Tales from the National Appeal Chamber: Grave professional misconduct must be caused by the contractor | In Principle

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Tales from the National Appeal Chamber: Grave professional misconduct must be caused by the contractor

When filling in the European Single Procurement Document (ESPD) form, contractors must answer the question whether they have committed grave professional misconduct while performing previous contracts. This question is closely correlated with the condition for exclusion under Art. 109(1)(5) of the Public Procurement Law, which specifies that this concerns violations that are serious and self-caused. Therefore, a contractor does not necessarily have to mention any and all delays or complications that occurred during the performance of previous contracts. In this context, an interesting ruling was issued by the National Appeal Chamber on 4 June 2021 (KIO 1087/21) indicating how this question from the ESPD form should be interpreted.

State of facts

One of the contractors participating in the procurement procedure relied on the capacity of a third party to meet the conditions for participation in the procedure. When completing the ESPD form, that party answered “no” to the question whether the contractor was guilty of grave professional misconduct, as it did not believe there were grounds for its exclusion under Art. 24(5)(2) of the former Public Procurement Law (Art. 109(1)(5) of the current law). Having no objections to the documents submitted by the contractor and the third party, the contracting authority selected their bid as the most advantageous. However, this decision was opposed by another contractor bidding for the contract, which, knowing of the third party’s previous track record, decided to challenge the award of the contract before the National Appeal Chamber.

In the appeal, the contractor alleged that the third party misled the contracting authority by failing to inform it of problems occurring during performance of another contract for preparation of design documentation. The appellant alleged that the third party was then in delay of several months, following which it eventually reached a settlement with the contracting authority. This showed that the third party had unambiguously and fully admitted that it had improperly performed its obligation and, on this account, had undertaken to pay contractual penalties. According to the appellant, entering into a settlement agreement confirmed that the failure to perform the subject matter of the contract on time occurred as a result of intentional conduct or gross negligence. Therefore, the third party should not have concealed the information related to the earlier proceedings, but answered the ESPD question in the affirmative and used the self-cleaning procedure. If the third party failed to meet this obligation, that means that it filled out the ESPD form incorrectly and misled the contracting authority, and thus the contractor relying on its capacity should have been excluded from the procedure under Art. 24(1)(16) or (17) of the former law.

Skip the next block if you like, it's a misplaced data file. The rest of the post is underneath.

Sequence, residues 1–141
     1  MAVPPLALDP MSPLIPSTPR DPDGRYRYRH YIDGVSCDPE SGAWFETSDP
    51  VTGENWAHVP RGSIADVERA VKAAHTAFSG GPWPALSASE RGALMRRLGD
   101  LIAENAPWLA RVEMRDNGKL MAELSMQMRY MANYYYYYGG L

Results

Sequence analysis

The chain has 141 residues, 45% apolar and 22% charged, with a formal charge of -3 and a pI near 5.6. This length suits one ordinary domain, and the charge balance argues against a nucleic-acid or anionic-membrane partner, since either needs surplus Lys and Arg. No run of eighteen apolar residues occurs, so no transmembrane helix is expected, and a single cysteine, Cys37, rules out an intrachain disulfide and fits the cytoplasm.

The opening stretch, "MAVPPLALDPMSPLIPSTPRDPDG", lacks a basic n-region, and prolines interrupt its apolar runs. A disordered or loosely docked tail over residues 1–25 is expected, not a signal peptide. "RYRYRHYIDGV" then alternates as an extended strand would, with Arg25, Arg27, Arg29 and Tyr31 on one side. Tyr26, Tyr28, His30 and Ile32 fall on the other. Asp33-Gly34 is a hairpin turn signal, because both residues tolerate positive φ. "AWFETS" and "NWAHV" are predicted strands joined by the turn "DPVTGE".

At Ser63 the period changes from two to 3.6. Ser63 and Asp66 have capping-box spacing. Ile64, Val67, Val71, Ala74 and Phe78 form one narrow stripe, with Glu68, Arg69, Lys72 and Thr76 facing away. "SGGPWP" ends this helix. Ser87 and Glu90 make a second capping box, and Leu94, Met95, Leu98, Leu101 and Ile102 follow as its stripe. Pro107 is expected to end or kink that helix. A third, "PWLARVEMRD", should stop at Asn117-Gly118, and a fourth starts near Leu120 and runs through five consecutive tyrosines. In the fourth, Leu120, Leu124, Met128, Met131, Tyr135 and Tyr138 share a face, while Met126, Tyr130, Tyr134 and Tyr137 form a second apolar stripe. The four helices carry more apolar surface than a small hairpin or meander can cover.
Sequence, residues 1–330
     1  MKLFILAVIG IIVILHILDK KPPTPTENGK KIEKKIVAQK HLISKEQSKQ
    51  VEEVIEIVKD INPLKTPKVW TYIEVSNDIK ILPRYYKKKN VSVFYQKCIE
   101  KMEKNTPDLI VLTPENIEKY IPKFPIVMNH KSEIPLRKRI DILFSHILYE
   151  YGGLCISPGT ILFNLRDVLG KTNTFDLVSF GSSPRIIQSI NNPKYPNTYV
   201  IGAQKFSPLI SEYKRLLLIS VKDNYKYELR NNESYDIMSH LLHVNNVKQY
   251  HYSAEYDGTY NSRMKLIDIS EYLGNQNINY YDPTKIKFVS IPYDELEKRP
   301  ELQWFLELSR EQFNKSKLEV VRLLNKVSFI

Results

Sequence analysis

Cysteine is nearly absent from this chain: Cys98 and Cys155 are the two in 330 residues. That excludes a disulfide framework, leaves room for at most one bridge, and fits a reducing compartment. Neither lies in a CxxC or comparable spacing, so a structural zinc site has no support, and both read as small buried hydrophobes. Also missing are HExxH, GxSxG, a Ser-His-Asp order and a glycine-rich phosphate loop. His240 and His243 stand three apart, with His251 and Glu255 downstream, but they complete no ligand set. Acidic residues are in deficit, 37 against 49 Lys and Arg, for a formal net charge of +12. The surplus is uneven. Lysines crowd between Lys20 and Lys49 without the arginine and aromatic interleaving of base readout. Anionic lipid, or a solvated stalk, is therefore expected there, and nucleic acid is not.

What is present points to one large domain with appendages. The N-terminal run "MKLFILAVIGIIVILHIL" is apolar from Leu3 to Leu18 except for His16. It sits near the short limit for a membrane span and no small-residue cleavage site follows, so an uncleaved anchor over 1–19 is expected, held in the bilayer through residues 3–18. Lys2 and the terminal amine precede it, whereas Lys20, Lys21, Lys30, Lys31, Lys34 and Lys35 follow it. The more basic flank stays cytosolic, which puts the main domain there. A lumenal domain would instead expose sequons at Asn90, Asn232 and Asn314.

Delay not the designer’s fault

The chamber found that the third party did not commit grave professional misconduct within the meaning of Art. 24(5)(2) of the former Public Procurement Law (Art. 109(1)(5) of the current law). Pursuant to this provision, a contracting authority may exclude a contractor who has culpably committed grave misconduct, in particular when as a result of a deliberate action or gross negligence, the contractor has not performed the contract or has improperly performed the contract, which the contracting authority can demonstrate by appropriate evidence.

According to the chamber, this provision could not be applied to the third party, as the appellant did not prove that the third party was at fault for failure to meet the contractual deadline. The appellant ignored that within the agreed timeframe, a significant part of the design documentation had been produced, handed over to the investor, and accepted by it without any remarks. Moreover, a month later the parties signed a protocol on delivery of the design documentation, which made it clear that the subject matter of the contract had been executed in accordance with the contract, applicable standards, regulations and principles of the design art, was complete and coherent, and constituted the basis for announcing the public procurement procedure.

The only delay caused by the third party in preparing the documentation concerned stage V of the contract, in which no formal consent to implement the project was obtained, as it was impossible to obtain the right to use the land for construction purposes on time. Also, the chamber emphasised that it was the investor’s duty, not the designer’s, to obtain the right to use the land, and therefore the designer could not be blamed for the delay. Eventually, the obstacle was removed, thanks to which the third party notified the construction authority of its intention to commence construction works. After considering the application, the construction authority issued a decision raising an objection, which once again prolonged the whole procedure. Also in this situation, the third party was not responsible, because the error in the documentation resulted from incorrect preparation of the functional and utility programme by the contracting authority, which did not take the zoning plan into account.